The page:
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Tectonic Control Of Landforms

In addition to producing its own distinctive land-forms, deformation of Earth's crust is influential in controlling what landforms result from differential weathering and erosion. During major mountain building episodes huge volumes of rock are compressed, folded into complex three-dimensional forms, and sometimes metamorphosed into different kinds of rocks. Later, when these folded layers are exposed to the agents of weathering and erosion, the more resistant units become ridges which outline the folds and deformation. Often resistant units offer better protection at the bottom of the fold than they do at the top, resulting in landforms with higher elevations over what were the troughs in the folds, and lower elevations over what were the crests. Much of the valley and ridge areas of Pennsylvania and adjacent states have this kind of landform.



Chorley, Richard J., Antony J. Dunn, and Robert P. Beckinsale. The History Of The Study Of Landforms; or, The Development Of Geomorphology. London: Methuen; New York: Wiley, 1964-91.

Cooke, Ron, Andrew Warren, and Andrew Goudie. Desert Geomorphology. London: UCL Press, 1993.

Ollier, Cliff. Ancient Landforms. New York: Belhaven Press, 1991.

Press, Frank, and Raymond Siever. Understanding Earth. New York: W.H. Freeman and Co., 1994.


Wieczorek, Gerald F., et al. "Unusual July 10, 1996, Rock Fall at Happy Isles, Yosemite National Park, California." Bulletin of the Geological Society of America 112, no. 1 (January 2000): 75-85.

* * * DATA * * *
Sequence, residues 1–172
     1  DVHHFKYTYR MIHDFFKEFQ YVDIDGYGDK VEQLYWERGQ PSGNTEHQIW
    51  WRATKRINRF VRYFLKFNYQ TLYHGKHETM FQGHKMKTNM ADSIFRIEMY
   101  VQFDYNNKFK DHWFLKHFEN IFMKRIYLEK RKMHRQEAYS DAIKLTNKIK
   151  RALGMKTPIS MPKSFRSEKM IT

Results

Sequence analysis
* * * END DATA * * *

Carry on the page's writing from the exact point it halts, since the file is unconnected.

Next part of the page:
Otto H. Muller


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—Accumulation of sediments at the end of their transport by erosion.


—Movement of material caused by the flow of ice, water, or air, and the modification of the surface of the earth (by forming or deepening valleys, for example) produced by such transport.


—A fracture in the earth's crust accompanied by a displacement of one side relative to the other.


—A fracture in bedrock across which there has not been significant displacement, but that forms as a result of extensional stresses.


—Biological, chemical, and mechanical attack on rock which breaks it up and alters it at or near the surface of Earth.

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Science EncyclopediaScience & Philosophy: Kabbalah Mysticism - Types Of Kabbalah to LarynxLandform - Rivers, Glaciers, Wind, Chemical Dissolution And Precipitation, Differential Weathering And Erosion, Volcanism - Erosion and deposition, Tectonic landforms, Joint sets